This Ramadhan, we have pledged to help alleviate the dire food needs of at least these families.
We need your help. Let us together put some food on their table, this Ramadhan!
Look out for Feed a Family 2.0!
We’re on to the final phase of the Feed a Family Campaign – the Food Delivery. With the good help of our partners My Hero Hypermarket, we will have 600 packs of food all ready to go.
But we can only successfully do this with the help of our dedicated volunteers, or as we’d like to call – the Agents of Care. We’re looking for a minimum of 30 cars to help us deliver these food packs to each respective families.
You’d need to register yourself and your vehicle so we can coordinate with you more efficiently. Unfortunately, we won’t be able to entertain those who do not register.
Please register HERE!
The refugees will be coming anytime from 10am – 4pm to redeem their food vouchers. Upon receiving their heavy food baskets, the volunteers will then have the honour of sending them back to their respective homes.
As a volunteer, you may choose between these time slots:
Morning slot: 10am – 12pm
Afternoon slot: 12pm – 2pm
Evening slot: 2pm – 4pm
Please take note of these time slots and come according to your convenience.
Food Delivery Details:
Meeting Point: My Hero Hypermarket, Jalan Dagang (view map)
Date: 14 July 2013
Time: 10am – 4pm
- Please volunteer with the correct intention. We’re here to help the refugees and not to make ourselves feel better. The refugees comes first.
- Do not take any photographs of the refugees WITHOUT their permission.
- You MAY take photographs of volunteers, the food baskets, and the pavements if you wish, just as long as you don’t offend the refugees. They are quite sensitive with their privacy.
- DO expect some waiting time as the refugees will come any time between 10am – 4pm.
- With more than 500 families expected, things will get a bit messy. So come with a smile and plenty of PATIENCE.
- To avoid getting lost, do bring along your GPS, Waze along with its chargers.
We can now give more, to help more.
YES WE DID IT!!!! Amazing amazing amazing!! What started out as an ambitious attempt to raise RM200 for 550 families, we now have more than enough to increase that amount to RM350 for 600 families!!!
We could never have anticipated the level of support and encouragement we received. We have now far exceeded ALL of our expectations!!
We wanna give a big THANK YOU to all of you who contributed and supported us in any way and form.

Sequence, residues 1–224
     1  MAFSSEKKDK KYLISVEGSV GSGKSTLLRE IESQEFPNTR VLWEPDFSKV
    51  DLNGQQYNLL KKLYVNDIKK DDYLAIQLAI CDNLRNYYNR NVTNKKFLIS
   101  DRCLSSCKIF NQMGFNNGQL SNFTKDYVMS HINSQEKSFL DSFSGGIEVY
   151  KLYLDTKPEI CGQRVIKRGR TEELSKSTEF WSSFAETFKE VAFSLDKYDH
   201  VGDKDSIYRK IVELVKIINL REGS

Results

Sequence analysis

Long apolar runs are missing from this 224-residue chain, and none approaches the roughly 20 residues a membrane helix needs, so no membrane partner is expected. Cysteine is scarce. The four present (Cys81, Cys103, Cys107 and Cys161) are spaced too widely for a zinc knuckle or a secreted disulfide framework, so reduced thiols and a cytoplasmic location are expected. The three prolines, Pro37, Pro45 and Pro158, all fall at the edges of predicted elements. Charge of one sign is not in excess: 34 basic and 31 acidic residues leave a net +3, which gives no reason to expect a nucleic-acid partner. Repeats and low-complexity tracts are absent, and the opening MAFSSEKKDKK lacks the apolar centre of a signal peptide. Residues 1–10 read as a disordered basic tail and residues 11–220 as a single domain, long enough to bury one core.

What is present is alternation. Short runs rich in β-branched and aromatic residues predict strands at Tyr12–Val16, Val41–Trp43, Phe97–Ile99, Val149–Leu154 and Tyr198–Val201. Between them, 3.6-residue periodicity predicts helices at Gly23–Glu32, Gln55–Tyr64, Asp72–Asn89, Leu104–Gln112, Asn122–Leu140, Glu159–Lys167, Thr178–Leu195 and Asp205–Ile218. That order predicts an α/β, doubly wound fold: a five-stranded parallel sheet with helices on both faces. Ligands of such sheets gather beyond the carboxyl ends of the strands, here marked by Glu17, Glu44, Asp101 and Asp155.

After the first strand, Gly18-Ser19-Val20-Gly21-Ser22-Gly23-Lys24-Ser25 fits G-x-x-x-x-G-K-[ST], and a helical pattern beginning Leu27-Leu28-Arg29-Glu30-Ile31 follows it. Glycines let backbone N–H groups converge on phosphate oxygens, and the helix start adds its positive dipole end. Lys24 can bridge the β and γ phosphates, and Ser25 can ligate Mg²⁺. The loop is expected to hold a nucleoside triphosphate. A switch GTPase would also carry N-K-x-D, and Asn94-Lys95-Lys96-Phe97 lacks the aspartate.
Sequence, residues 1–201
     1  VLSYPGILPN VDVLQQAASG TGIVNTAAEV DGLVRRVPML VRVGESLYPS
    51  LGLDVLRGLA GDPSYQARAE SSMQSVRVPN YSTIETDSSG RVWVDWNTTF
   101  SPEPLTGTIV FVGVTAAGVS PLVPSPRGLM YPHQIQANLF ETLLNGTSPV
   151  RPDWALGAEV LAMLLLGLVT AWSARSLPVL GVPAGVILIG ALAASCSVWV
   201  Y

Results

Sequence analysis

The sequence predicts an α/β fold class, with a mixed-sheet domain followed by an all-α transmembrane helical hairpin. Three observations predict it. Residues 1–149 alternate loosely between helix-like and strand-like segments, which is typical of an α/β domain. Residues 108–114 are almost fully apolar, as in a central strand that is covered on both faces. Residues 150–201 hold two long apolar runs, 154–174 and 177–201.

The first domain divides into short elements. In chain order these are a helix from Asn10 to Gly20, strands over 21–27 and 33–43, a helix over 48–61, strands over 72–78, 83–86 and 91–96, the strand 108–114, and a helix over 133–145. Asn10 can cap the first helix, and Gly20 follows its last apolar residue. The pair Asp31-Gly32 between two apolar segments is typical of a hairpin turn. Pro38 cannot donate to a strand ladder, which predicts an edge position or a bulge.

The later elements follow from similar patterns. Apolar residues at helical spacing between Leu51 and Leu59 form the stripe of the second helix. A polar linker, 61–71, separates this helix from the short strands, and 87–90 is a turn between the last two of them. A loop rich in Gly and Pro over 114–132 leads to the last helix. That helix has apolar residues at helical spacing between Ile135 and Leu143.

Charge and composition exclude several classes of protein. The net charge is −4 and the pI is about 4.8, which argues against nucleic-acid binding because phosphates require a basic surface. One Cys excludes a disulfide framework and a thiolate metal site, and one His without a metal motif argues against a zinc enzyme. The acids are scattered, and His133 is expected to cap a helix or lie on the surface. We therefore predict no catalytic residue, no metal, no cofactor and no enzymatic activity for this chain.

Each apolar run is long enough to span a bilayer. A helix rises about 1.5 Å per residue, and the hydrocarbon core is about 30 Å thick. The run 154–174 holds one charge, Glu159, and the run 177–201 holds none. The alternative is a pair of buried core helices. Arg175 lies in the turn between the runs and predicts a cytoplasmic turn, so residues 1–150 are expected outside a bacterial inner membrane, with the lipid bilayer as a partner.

DISCLAIMER: ALL your efforts go directly to the refugee families and NONE to the Carefugees operations.
Excerpts from an article written in NST by Nuradilla Noorazam
WHEN a group of young, passionate individuals team up to help a community, it is bound to create a ripple and raise societal awareness.
Hoping to create such an awareness among Malaysians, four activists in Kuala Lumpur decided to assist refugees in the nation.
This year, they kicked off a fundraising programme to help supply a month’s worth of food for 560 refugee families for the upcoming fasting month.
“Feed a Family” is a social initiative to help families of asylum seekers experience an enriching Ramadan by providing them with food and donations.
With a donation of RM200, donors are able to support one refugee family for the whole of Ramadan.
Operating under the name “Carefugees”, an open group that provides care and support for the refugee community, volunteer Amin Rahman said the group’s aim was to create a sustainable, fun and easy module for Malaysians to help those who were less fortunate through crowd sourcing.
“We mainly communicate with our friends and followers through social media and word of mouth.
“It is quite remarkable to see that there are many Malaysians who do not know about asylum seekers who are suffering in their own backyard.
“When they find out about the asylum seekers, they are willing to help as Malaysians are compassionate and charitable in nature.”
Read more here
World Refugee Day is celebrated worldwide on 20 June each year to recognise the courage of refugees in rebuilding their lives despite the horrors they have faced, and to create awareness and garner public support for creating a humanitarian space for refugees.
The UNHCR will be launching a photo exhibition entitled “The Most Important Thing”.
They spoke to refugees to ask them what did they bring with them when they fled their countries? Their stories are powerful, because their resilience is obvious. Yet also touching, because most of them know they will never have their old lives again.
WORLD REFUGEE DAY 2013
KL SENTRAL STATION, Saturday, 22 June 2013
10.00am – 4.00pm
Other highlights: Refugee art bazaar and performances.
Admission is free!
Find out more on how you can be involved: http://www.unhcr.org.my
Five women from five countries, all bound to the same fate as refugees, here in Malaysia. They face life one day at a time, in fading hope, alleviated only through the bond of their friendship and journey together. This is their plight.